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Hosted by: Defy the Box
Episode Notes: Megan Andelloux, also known as Oh Megan!works as a board certified sexologist and sexuality educator. She is the founder and director of The Center for Sexual Pleasure and Health, a non-profit sexuality organization attempting to open in Rhode Island.
Click HERE to listen to the podcast
The CSPH was set to open in last fall, however the city of Pawtucket has censored sexual education from taking place. She, along with other sex positive citizens, the ACLU and her lawyer are currently fighting the towns decision.
Outside of defending sexual liberties, she travels throughout the country providing workshops on sex pleasure, health and advocacy issues for college/universities. She also works closely with medical schools, training future health care providers how to conduct friendly pelvic exams and be sex positive. More information about Oh Megan can be found on her website. You can also read her column: Undercover Investigations located at Carnal Nation here.
1. I kept hearing people ask the same questions about sexuality but it always seemed like there was shame behind the questions. I couldn’t understand how a culture could create an entire population to be ignorant and feel bad about the same things. I wanted to change that.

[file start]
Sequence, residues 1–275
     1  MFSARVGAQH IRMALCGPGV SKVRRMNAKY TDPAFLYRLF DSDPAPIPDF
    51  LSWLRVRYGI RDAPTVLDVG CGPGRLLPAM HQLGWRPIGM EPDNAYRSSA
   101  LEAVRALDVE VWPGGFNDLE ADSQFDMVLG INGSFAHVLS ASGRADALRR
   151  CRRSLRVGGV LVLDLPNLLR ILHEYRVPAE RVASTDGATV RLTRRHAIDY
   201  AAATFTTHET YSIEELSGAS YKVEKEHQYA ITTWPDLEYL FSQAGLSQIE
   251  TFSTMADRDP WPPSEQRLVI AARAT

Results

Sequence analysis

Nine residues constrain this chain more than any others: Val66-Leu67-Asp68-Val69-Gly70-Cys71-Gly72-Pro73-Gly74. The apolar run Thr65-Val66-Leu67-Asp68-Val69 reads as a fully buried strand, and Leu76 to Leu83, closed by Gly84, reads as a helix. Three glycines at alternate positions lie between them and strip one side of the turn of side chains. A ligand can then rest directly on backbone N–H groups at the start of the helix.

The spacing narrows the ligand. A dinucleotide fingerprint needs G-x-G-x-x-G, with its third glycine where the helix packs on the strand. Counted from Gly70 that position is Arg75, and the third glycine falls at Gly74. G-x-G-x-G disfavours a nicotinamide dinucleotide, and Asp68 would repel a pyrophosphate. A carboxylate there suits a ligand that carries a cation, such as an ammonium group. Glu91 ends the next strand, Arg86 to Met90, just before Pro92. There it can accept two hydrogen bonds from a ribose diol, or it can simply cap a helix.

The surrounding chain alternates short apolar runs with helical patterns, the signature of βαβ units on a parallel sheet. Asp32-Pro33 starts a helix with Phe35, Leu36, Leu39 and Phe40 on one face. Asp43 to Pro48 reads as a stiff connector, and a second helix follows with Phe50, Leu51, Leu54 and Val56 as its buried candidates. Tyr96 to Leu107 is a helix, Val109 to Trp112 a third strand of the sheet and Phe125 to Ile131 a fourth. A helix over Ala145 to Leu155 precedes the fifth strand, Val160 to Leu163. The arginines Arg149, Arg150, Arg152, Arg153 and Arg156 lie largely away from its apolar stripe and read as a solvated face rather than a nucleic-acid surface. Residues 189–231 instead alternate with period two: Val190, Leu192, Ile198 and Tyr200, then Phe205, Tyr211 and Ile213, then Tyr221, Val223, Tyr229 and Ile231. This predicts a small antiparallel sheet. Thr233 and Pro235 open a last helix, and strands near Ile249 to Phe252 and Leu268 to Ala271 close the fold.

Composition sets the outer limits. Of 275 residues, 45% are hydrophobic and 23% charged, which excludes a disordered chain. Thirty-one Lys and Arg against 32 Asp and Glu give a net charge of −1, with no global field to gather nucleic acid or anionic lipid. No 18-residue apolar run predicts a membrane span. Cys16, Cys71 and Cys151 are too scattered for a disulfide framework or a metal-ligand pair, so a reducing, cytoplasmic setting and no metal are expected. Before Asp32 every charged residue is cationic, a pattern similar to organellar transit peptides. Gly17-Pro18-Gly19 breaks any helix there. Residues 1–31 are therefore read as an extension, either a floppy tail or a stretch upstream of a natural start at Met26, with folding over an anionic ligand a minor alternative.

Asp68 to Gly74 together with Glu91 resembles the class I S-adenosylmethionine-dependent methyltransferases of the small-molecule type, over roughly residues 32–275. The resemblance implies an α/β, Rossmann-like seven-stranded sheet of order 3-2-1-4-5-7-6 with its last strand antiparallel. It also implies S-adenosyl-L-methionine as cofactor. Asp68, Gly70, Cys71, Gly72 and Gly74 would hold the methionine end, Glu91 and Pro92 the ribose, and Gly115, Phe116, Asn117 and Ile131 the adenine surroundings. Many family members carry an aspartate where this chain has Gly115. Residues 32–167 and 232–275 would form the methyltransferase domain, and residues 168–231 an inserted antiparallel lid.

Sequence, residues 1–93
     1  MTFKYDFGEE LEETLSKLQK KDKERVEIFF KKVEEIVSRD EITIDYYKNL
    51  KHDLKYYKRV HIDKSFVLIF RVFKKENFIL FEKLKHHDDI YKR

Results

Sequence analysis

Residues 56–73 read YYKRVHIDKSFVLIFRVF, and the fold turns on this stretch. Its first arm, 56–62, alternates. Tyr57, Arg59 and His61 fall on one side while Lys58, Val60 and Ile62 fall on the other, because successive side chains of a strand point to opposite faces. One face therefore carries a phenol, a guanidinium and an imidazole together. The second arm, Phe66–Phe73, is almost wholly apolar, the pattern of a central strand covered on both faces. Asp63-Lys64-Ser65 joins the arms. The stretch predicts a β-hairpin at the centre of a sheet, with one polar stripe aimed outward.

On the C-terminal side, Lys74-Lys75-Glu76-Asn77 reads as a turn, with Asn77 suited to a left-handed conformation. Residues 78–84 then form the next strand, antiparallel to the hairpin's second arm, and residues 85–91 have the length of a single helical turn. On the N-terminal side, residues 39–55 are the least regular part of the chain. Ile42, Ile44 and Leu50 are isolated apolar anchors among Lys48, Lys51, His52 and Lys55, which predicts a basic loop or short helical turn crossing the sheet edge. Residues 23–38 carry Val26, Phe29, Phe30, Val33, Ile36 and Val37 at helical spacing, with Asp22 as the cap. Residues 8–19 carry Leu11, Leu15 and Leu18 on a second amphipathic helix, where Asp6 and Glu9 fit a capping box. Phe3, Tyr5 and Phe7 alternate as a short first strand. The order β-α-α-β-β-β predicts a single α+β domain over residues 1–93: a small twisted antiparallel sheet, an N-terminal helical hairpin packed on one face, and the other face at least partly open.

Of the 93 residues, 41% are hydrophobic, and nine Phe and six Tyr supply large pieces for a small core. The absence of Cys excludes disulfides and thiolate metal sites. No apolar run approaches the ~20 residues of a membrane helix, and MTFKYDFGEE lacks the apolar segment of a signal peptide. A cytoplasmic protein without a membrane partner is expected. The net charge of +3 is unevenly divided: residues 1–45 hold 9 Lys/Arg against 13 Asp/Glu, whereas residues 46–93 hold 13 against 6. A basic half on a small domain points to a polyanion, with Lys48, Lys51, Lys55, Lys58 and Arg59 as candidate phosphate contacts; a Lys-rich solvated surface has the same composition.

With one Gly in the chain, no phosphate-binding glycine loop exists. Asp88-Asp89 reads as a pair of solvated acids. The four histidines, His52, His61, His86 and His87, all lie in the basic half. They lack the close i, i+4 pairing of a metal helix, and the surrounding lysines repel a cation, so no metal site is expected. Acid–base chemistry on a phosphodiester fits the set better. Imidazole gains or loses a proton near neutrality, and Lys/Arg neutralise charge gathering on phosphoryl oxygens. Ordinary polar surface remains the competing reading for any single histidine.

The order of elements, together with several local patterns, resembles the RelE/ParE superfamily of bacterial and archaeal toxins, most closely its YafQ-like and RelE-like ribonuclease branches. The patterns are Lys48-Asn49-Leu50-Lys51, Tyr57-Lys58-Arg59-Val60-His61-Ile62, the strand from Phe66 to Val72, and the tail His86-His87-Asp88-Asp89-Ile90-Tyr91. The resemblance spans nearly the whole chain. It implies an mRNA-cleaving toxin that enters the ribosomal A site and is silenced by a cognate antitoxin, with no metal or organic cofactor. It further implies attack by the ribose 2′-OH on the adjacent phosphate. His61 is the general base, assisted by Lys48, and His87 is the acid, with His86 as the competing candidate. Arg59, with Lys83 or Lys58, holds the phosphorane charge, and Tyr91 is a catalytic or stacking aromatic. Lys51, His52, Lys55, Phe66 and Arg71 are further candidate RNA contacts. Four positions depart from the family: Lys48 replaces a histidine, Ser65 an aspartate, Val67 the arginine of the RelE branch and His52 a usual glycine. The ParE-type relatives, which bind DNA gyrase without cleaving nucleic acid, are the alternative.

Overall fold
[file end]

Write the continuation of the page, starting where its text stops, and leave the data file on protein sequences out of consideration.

2. It was a way for me to challenge the gender roles I was taught. “Good girls” were not supposed to talk openly about this subject.
3. I had a knack for memorizing sexual statistics. I don’t know where it came from, but it’s a gift.
How did you start giving sex advice?
When I was 16, I had a conversation with my high school girlfriends about masturbation and orgasms. I remember being shocked that they said they hadn’t ever fondled themselves. That was the first time I remember talking openly about sexuality.
Where did you get your education in sexuality?
I received my Bachelor of Science degree from URI. From there I went on to intern at the Sexuality Information and Education Council of the United States and then worked for 10 years at Planned Parenthood affiliates as a sexuality educator. Attending conferences, reading medical journals and sexuality studies is all part of the course too.